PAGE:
Structs owning a trait


#1

I’m writing some code that deals with file formats that are basically nested. I’d like this to work with a Reader so that is generic where the input comes from.

So far, my outermost wrapper is defined like:

struct Outer<'a> {
    reader: &'a mut (io::Reader+'a),
    ...
}

with a constructor signature like:

impl<'a> Outer<'a> {
    put fn new<'b>(mut rd: &'b mut (io::Reader+'b)) -> MyResult> { ... }
}

this does seem to largely work, but the signatures get a little awkward. My Outer struct would then implement some other trait which would be embedded in a similar manner in some other struct that implements the next layer inside the file format onion.

My question: is this the best way to do this. It does allow the user some flexible in how everything is allocated, even though the thing that is the Reader can’t really be used any more.

Would I be better off embedding the trait item, and making it a parameter of the Outer class. Something like:

struct Outer<'a, T> where T: io::Reader+'a+Sized {
    reader: T,
    ...
}

#2

I don’t understand why you feel the need to use another lifetime besides 'a. What I expected to see instead was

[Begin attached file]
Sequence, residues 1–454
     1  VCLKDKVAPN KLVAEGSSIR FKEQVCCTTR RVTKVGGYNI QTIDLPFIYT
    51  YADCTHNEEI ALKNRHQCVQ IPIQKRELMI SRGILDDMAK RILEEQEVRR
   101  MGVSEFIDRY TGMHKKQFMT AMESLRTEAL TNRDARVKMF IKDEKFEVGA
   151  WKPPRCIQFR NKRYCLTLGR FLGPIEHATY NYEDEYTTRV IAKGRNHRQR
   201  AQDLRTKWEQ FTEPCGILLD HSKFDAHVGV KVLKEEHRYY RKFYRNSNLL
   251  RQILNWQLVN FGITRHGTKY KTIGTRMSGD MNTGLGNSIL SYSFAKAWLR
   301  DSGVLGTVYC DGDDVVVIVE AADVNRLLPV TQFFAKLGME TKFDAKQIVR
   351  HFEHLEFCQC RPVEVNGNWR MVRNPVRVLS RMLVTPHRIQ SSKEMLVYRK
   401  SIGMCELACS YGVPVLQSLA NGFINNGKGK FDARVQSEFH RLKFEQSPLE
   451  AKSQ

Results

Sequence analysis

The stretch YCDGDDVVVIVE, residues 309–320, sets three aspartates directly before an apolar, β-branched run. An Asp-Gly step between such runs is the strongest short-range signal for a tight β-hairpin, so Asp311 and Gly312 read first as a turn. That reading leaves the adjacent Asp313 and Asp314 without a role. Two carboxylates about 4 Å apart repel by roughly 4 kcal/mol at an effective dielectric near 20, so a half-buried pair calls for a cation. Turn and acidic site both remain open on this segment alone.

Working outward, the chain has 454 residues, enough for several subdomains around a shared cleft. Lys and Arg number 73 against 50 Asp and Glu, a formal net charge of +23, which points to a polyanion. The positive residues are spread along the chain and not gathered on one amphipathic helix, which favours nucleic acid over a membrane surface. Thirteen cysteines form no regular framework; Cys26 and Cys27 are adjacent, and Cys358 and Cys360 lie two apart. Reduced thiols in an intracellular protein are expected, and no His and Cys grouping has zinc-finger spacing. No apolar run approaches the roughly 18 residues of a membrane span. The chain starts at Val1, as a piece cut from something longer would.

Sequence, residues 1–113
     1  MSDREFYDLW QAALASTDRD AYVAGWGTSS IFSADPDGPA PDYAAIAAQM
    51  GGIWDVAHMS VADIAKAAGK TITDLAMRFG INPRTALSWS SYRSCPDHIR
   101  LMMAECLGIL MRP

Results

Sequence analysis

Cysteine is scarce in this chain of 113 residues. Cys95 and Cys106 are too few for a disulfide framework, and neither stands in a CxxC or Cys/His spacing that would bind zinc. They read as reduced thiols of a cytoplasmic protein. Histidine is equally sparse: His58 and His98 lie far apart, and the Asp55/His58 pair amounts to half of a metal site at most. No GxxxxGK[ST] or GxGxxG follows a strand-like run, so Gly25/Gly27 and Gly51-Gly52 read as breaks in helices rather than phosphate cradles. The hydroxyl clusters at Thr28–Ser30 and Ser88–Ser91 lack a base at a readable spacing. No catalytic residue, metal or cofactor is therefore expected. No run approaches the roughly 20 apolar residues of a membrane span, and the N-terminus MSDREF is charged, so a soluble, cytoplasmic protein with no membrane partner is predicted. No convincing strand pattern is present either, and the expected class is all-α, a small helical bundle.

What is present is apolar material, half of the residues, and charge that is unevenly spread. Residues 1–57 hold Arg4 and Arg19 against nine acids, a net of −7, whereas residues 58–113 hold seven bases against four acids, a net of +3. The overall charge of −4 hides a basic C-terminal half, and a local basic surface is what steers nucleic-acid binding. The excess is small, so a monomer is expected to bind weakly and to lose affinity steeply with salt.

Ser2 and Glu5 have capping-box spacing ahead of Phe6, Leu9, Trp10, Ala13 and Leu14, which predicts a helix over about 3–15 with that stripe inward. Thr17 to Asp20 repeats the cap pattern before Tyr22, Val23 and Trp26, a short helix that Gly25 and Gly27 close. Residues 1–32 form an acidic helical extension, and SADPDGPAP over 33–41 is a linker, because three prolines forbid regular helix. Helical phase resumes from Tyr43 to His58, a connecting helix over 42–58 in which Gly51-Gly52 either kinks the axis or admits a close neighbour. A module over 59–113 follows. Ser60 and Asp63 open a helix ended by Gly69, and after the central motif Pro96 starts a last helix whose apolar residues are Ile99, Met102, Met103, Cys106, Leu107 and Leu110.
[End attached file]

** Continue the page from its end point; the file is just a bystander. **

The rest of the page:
impl<'a> Outer<'a> {
    pub fn new(r: &'a mut (io::Reader+'a)) -> MyResult<Outer<'a>> {
        …
    }
}

On whether it is the best way: I don’t think it is. I would prefer to go “full generic” like this:

struct Outer<R> {
    reader: R,
    …
}

impl<R: Reader> Outer<R> {
    pub fn new(r: R) -> MyResult<R> {
        …
    }
}

This makes things a lot simpler and more flexible because you can later decide on a case-by-case basis what R should be. This way you don’t enforce type erasure (but it’s still possible). And you don’t enforce references (but it’s still possible). The possibilities for such an R include:

  • SomeSpecificReader
  • &mut SomeSpecificReader
  • Box<Reader>
  • &mut Reader

since all these types also implement the Reader trait. :slight_smile:

HTH